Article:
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Join Date: Feb 2001
Location: Silicon Valley, CA
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Okay, thanks. Here's how to figure this stuff out.
A 92" diagonal, 16:9 screen is 80.18" wide. Let's call it 80" to simplify a little.
The "throw" of the projector is usually expressed as a range of two numbers. For example, it might be something like 1.39 - 2.11. You multiply those numbers by the screen width you want to achieve, and that tells you the minimum and maximum distance from the screen that the projector can be and still project that size of picture.
As it happens, 1.39 - 2.11 is the throw range of this projector, based on JVC's chart. (I figured this out by referring to their 120" column and working the throw calculation backwards -- it's not given explicitly.)
So, for your 80" wide screen, we multiply 80 by 1.39 to get 111.2. Multiplying 80 by 2.11 gives 168.8. So, you can put the projector 111.2" - 168.8" from your screen (roughly 9.25' to 14').
At the short end of the range, due to the optics in the zoom lens, you typically will get the brightest image, but perhaps a little less contrast. At the long end of the range, you will get less brightness, but perhaps a bit more contrast. Most people try to hit the middle of that range if they have the flexibility, because it gives a nice compromise between contrast and brightness.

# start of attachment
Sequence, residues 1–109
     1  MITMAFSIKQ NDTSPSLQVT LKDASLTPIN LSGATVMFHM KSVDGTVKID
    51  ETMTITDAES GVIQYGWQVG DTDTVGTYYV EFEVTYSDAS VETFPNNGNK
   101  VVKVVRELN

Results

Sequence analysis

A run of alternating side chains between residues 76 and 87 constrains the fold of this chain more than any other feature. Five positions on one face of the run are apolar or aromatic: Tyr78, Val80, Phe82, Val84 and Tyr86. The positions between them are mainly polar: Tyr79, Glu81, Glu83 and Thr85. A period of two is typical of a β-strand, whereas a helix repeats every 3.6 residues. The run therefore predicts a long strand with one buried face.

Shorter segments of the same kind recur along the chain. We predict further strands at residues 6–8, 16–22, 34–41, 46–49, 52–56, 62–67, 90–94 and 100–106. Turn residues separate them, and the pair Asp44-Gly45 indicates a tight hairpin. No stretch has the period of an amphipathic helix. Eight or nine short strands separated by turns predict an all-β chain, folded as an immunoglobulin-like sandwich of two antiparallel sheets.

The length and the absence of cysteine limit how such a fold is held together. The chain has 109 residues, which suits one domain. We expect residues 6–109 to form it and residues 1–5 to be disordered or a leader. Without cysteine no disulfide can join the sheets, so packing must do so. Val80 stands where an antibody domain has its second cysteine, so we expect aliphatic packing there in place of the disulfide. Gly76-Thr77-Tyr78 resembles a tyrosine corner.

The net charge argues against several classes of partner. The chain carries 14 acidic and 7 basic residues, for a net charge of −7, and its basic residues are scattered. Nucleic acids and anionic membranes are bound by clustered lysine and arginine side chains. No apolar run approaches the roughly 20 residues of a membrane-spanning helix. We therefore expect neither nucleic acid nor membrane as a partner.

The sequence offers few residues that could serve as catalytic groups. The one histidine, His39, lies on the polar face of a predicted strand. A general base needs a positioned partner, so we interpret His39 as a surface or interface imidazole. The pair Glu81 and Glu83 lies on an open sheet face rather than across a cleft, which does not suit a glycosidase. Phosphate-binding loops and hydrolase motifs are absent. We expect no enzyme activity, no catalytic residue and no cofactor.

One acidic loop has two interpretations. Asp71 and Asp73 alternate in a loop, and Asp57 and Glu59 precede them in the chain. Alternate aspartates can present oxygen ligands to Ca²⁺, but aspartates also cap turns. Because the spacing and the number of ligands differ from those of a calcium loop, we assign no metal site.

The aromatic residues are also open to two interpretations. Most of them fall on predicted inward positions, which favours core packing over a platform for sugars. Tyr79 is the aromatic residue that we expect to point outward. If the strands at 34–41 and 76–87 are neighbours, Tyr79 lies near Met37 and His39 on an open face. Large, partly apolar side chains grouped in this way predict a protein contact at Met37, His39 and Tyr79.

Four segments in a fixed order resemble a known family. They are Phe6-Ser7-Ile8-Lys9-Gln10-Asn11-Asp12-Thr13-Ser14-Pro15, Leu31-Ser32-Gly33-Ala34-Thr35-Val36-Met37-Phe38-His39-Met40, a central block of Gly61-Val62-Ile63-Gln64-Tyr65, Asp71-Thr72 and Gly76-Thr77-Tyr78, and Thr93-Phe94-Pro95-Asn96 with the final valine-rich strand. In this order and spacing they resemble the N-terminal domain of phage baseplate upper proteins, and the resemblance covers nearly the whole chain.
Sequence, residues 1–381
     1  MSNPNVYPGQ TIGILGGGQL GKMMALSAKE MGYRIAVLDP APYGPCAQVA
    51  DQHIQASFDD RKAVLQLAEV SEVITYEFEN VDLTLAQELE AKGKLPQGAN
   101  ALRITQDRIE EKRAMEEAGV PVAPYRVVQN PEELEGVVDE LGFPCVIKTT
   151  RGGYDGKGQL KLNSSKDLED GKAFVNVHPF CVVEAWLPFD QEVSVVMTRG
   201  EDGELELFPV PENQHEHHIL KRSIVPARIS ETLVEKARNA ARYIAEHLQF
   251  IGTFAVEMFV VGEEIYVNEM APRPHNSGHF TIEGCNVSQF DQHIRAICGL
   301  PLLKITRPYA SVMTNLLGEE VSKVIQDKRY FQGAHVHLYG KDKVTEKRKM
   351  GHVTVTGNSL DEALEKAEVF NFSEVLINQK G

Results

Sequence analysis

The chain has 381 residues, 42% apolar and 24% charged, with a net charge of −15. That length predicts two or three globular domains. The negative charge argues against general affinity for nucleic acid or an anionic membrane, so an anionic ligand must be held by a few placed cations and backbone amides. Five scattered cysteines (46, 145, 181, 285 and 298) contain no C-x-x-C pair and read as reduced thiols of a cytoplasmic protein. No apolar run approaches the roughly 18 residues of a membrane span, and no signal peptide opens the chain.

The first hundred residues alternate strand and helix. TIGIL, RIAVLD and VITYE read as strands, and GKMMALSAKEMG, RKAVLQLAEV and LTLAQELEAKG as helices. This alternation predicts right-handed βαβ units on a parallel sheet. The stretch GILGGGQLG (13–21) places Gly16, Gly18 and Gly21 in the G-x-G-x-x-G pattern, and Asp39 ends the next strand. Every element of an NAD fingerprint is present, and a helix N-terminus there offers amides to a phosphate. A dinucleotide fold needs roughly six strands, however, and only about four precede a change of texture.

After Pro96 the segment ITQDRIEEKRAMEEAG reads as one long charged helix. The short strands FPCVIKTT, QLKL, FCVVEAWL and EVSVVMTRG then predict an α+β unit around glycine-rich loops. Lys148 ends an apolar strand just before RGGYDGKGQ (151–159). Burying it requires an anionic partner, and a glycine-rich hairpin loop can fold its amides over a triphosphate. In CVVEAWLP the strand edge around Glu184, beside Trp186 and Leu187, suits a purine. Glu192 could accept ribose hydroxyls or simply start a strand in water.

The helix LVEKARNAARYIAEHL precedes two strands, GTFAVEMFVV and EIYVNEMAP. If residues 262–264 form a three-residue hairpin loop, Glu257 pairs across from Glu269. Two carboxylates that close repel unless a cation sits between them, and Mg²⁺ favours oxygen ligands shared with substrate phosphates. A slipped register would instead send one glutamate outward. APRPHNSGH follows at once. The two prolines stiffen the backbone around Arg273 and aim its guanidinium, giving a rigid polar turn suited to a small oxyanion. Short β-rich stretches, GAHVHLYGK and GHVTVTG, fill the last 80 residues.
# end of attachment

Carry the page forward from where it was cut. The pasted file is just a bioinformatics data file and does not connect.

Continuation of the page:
What about that cryptic formula you referred to?
L(minimum) = 31.1781 (1 7/32) x SS - 46.1543 (1 13/16)
L(maximum) = 47.0644 (1 27/32) x SS - 42.3308 (1 21/32)
Ow, my head. That confusing jumble is because they're trying to accommodate both metric and Imperial units. The decimal numbers are millimeters, and the numbers in parentheses are inches. (It took me ten minutes of staring at this to figure that out, by the way.) "SS" is the "screen size", but in this case, it's the diagonal dimension of the screen. Note that there are two charts in the book, one for 16:9 and one for 4:3.
The millimeter numbers in the book are given to much higher precision than for inches -- it looks like they actually generated the true numbers using metric values, then converted to the nearest 1/32 of an inch. Why don't we use the high-precision metric numbers, but convert them to decimal inches for our convenience?
31.1781mm = 1.2275"
46.1542mm = 1.8171"
47.0644mm = 1.8529"
42.3308mm = 1.6666"
Now, our formula is a bit clearer:
L(minimum) = 1.2275 x SS - 1.8171
L(maximum) = 1.8529 x SS - 1.6666
Plugging in your 92" diagonal screen, we get:
L(minimum) = 1.2275 x 92 - 1.8171
L(maximum) = 1.8529 x 92 - 1.6666
L(minimum) = 111.1129"
L(maximum) = 168.80"
How about that? Pretty darned close to the numbers we got above using just the throw figures derived from the chart!
I think the formula is more precise than using simple throw figures, since there is a small correction factor (the subtracted number), but using the throw numbers should get you pretty darned close for typical theater screen sizes.
Mike Kobb(Formerly "ReplayMike". These opinions are mine alone, and in no way reflect the opinions of employers past or present!)"Mike's Money Pit" Build Thread